In March, 1914, I arranged by letter and telephone that John Sargent should draw a charcoal head of me. I asked him whether he would like to come to see me at Seymour Street previous to the sitting, so that he should get to know my face beforehand; the answer (as they say in the House of Commons) was in the negative, and he explained how greatly he preferred not to  behold his subject until the sitting. . . “As you walk into my studio I make up my mind how I see you.”

Feeling very strongly as I do on the subject of ‘dated’ clothes in a portrait, I donned on this occasion a velvet classically draped evening dress (by Ospovat); Sargent looked at it, his head on one side, and said: ‘Very nice, but I think I’ll leave out the dress entirely and just put in your row of pearls. You see the mere fact of your wearing a necklace indicates a fully clothed condition.’

I condoled with him at the start that he should have to do a portrait of me in ‘black and white’—my coloring being my salient characteristic—and he said: ‘I am going to try my best to suggest your coloring in this portrait.’ Only recently I came upon two of my guests, who had just seen the Sargent head, arguing heatedly at the front door, the one declaring that it was a coloured portrait, and the other denying it. I only wish that Sargent were alive to-day to hear this compliment to his art.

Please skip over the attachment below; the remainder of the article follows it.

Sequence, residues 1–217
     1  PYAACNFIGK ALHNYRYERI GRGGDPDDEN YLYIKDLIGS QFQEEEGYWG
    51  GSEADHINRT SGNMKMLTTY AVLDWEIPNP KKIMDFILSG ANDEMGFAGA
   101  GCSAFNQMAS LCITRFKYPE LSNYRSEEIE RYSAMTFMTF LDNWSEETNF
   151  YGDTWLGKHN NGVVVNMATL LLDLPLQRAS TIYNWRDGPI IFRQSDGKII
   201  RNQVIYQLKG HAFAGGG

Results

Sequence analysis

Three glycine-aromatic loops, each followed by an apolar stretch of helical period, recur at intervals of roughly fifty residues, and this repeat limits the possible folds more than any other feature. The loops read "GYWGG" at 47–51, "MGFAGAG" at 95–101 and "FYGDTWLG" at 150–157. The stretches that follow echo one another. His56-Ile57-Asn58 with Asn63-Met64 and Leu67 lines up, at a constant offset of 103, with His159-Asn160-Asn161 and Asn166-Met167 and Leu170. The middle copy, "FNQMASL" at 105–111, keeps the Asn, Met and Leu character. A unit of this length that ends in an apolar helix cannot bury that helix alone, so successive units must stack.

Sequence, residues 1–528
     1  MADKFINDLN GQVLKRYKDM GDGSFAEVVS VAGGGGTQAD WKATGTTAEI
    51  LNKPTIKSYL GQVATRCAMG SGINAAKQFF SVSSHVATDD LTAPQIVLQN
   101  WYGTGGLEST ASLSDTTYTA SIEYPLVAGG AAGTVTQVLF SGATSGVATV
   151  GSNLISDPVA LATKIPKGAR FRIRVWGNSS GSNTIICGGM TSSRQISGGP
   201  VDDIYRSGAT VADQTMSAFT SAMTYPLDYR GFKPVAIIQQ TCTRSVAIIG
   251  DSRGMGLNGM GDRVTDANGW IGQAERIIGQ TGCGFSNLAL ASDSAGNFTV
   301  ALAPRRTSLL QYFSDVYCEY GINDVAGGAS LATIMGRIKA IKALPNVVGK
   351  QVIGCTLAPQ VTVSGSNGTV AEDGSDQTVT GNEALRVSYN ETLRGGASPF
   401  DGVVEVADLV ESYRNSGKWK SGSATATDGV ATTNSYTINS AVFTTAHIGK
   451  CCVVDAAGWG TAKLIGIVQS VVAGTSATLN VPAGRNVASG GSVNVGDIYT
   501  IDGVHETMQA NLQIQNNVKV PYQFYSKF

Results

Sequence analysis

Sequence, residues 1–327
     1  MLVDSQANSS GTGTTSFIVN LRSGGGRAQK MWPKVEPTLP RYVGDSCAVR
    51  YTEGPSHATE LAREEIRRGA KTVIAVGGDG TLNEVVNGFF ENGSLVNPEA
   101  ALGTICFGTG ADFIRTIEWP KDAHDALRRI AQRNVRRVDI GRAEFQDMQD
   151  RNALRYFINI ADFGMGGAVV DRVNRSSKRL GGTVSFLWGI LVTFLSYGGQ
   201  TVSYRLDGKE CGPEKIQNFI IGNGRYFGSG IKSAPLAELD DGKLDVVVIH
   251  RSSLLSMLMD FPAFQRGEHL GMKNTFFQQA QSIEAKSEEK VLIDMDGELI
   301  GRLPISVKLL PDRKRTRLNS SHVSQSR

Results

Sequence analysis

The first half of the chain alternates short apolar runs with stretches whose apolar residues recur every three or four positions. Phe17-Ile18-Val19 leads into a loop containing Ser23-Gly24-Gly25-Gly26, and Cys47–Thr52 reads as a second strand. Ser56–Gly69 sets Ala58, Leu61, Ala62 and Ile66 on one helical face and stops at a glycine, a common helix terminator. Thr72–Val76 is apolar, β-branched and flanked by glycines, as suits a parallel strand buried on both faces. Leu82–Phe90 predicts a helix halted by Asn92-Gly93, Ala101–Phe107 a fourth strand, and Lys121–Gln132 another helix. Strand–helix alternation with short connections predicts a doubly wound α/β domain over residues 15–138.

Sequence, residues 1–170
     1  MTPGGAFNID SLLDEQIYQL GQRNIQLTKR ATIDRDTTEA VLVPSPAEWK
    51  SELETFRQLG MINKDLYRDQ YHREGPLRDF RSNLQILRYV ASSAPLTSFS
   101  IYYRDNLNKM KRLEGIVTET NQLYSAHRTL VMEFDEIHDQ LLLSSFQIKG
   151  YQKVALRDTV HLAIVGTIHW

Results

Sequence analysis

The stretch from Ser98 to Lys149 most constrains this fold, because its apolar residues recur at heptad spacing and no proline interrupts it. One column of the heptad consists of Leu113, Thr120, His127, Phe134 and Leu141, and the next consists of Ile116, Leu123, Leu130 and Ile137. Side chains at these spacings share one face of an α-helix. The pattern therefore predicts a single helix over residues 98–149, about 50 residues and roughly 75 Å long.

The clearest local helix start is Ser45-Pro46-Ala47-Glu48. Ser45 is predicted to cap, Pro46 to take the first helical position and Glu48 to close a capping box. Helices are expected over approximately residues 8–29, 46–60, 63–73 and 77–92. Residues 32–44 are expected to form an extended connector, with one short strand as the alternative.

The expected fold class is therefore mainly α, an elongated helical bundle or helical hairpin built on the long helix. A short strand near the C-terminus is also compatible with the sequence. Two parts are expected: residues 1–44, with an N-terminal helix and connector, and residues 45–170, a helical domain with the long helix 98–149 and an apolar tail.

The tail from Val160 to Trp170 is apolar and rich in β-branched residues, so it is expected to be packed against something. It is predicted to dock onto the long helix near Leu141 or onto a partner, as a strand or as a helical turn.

For years before I met Sargent I had heard alarming legends of his forbidding and fierce manner with the ladies: they said he was a confirmed misogynist; that he was rude to his fair sitters; that at times he even. . . made them cry, and so forth. Now, little as I can fathom women, I make claim to understand men through and through, and Sargent’s psychology I diagnosed thus: he was a shy man (farouche is the subtle French word for what I mean), and dreaded a flirtatious female as a hydrophobic dog dreads water; thus, as I walked into the studio and shook hands, he realized in a flash (men have a sixth sense in this matter) that he need have no fear—flirtation being the fourth dimension to me—and from that moment all went well.